Issue June 26, 2007

Film review – Sicko

Michael Moore’s latest makes the point once again: We are living in the Golden Age of documentaries. This time, he affords us a disturbing look into the diseased guts of the American medical system.

Plenty of Americans — perhaps a majority — blindly believe we have the best medical system in the world. In fact, we are near the very bottom of the list (No. 37), according to the World Health Organization. The fallacy of American medical primacy is one whose debunking takes up a good deal of Moore’s film. Toward that end, Moore takes a truly circumspect approach: He (partially) circles the globe to look at the healthcare apparatus employed by other countries, namely Canada, Cuba, Britain and France. It is an evenhanded approach that perhaps slightly exaggerates the effectiveness of those systems; nevertheless, it is hard to dispute the superiority of all of them (with the possible exception of Cuba’s). If we’re going to import all of our luxury goods and cars from countries that make a better product, why not import their healthcare systems as well?

In France (No. 1 on the WHO rankings), we are shown a truly amazing hospital efficiently at work. Every resident of France, citizen or not, has access to free healthcare. The approach is more caring and individually focused than what is usually seen in the average assembly-line-like American hospital. Britain and Canada also provide better coverage for their citizens, although some complain about long waiting periods. Still, they don’t have to pay what we pay, and the medicines are far cheaper.

The other major chunk of the film is made up of horror stories, some so blackly humorless that they will leave viewers in stitches. Firsthand accounts of malfeasance and outright fraud committed by insurance companies and managed care corporations (HMOs and PPOs) abound. The interesting point Moore makes is that even people who have health insurance (which excludes 47 million of us) still are often left without care because legitimate claims are often denied. It is when this topic moves to center stage that Moore introduces Louisville-based physician Dr. Linda Peeno, the ramrod straight whistleblower who learned about all the nastiness in the business while working at Humana. Her testimony before Congress, wherein she admits to denying care to patients based on quotas from her bosses — and having patients die — causes her to choke up. The gruesome “fit parade” reaches its nadir when we see a woman taken from her hospital room and dumped on the street in front of an L.A. homeless shelter. It’s a matter-of-fact depiction of stunning disdain, disrespect and disregard for human life. It would not have happened in Canada.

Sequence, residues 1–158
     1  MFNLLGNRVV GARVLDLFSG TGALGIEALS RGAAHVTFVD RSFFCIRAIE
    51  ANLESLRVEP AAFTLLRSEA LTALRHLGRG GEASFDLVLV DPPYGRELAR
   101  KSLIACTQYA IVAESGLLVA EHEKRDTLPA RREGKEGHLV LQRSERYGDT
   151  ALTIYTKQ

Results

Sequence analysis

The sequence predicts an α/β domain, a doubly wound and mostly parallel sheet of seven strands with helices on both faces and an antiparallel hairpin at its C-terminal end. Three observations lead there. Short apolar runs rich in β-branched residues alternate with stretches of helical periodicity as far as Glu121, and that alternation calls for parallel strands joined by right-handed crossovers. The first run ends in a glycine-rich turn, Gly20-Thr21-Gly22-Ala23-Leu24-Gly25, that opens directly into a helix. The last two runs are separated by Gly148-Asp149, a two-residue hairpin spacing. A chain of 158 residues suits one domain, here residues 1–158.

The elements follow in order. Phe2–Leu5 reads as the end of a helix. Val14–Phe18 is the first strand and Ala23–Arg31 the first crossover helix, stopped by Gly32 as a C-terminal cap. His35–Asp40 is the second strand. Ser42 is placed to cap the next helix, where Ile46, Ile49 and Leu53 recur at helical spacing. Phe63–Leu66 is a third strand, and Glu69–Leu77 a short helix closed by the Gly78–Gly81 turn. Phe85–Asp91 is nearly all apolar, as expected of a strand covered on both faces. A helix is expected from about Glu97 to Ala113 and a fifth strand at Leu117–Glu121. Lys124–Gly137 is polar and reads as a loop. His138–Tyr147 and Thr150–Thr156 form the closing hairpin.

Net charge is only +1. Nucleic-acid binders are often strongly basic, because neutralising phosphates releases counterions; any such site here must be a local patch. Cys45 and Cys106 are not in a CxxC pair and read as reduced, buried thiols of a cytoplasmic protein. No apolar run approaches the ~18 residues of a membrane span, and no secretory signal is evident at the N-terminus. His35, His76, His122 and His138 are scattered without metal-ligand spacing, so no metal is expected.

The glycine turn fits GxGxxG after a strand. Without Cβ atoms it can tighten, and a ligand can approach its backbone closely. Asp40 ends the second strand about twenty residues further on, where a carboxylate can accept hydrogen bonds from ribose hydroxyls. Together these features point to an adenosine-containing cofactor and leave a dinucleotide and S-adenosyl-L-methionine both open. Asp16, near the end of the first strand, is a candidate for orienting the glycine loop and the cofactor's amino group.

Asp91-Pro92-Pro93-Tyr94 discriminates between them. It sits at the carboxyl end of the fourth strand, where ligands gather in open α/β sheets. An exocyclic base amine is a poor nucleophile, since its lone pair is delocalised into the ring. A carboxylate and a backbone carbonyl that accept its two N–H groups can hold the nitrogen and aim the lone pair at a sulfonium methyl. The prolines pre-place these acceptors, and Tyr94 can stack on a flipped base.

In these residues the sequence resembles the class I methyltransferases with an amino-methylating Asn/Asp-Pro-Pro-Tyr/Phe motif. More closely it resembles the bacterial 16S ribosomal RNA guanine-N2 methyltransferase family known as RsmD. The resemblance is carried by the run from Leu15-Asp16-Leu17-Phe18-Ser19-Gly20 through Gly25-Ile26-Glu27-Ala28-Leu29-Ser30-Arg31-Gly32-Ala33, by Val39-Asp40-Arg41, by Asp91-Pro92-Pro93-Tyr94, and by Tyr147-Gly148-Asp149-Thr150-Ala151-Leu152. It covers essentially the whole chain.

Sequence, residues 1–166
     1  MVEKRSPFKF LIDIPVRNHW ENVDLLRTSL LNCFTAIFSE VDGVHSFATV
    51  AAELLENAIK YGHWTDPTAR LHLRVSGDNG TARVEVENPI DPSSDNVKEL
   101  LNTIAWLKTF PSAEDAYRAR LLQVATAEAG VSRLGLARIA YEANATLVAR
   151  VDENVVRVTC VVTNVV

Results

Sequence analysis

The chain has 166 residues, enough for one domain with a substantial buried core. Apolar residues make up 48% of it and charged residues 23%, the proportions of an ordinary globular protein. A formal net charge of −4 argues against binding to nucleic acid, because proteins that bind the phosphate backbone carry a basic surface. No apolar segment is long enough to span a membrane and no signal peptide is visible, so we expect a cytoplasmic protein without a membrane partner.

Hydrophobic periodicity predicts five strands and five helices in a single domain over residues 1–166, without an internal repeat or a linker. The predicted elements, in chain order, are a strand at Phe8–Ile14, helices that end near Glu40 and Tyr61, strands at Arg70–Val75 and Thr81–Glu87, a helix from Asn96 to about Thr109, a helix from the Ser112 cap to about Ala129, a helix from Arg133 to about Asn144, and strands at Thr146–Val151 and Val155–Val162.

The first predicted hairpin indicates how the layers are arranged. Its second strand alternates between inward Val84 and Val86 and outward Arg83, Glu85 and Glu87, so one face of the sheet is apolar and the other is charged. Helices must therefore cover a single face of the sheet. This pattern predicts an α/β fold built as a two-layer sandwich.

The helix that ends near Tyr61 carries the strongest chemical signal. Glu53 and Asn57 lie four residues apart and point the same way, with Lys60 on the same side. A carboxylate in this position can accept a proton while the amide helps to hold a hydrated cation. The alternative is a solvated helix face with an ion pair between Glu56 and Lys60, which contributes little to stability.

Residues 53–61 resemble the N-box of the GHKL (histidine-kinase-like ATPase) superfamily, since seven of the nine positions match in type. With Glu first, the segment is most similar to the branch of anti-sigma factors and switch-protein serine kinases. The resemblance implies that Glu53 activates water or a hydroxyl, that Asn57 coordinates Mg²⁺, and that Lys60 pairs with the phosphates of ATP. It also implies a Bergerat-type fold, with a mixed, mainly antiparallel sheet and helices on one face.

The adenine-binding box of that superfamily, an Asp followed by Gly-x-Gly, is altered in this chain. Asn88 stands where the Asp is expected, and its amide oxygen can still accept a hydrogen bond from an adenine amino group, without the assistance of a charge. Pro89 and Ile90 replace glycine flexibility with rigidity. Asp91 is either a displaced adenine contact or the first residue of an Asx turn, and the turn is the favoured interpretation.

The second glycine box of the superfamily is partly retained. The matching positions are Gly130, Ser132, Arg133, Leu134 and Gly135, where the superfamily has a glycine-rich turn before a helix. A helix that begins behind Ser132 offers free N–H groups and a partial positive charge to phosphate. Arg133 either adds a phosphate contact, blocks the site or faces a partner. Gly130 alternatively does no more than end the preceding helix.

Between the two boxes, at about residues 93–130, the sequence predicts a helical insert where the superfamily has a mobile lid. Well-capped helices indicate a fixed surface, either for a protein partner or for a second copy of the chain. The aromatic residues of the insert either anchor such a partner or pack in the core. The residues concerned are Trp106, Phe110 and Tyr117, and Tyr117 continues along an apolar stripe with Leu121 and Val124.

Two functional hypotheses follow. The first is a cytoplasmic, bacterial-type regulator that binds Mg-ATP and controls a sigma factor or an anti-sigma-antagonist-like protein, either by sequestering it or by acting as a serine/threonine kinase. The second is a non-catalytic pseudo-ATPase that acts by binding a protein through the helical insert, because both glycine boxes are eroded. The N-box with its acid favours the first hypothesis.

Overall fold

Moore’s Cuban stunt ties the film together thematically. The director obtains a boat and ferries a handful of 9/11 rescue workers to Cuba to seek medical help for their WTC-related injuries. They know that Guantanamo has its own medical facilities. “All we want,” shouts Moore through a bullhorn as the boat bobs in the Caribbean, “is the same kind of treatment you guys give to the Al Qaeda prisoners.” Turned away, they dock at Havana to shop for cheap medicine.

Moore’s critics are legion. He makes Republicans seethe rather in the same manner that Ann Coulter pisses off Democrats. They say he distorts facts to fit a pre-existing agenda and that when confronted with contradictory facts, he punts and reverts to comedy. They resent his guerilla interview tactics (which are a bit more muted here than usual). Mostly they just resent his success. “How can all these liberal documentaries actually be box office hits?” they grumble over their single-malt scotches. “What is wrong with this country?”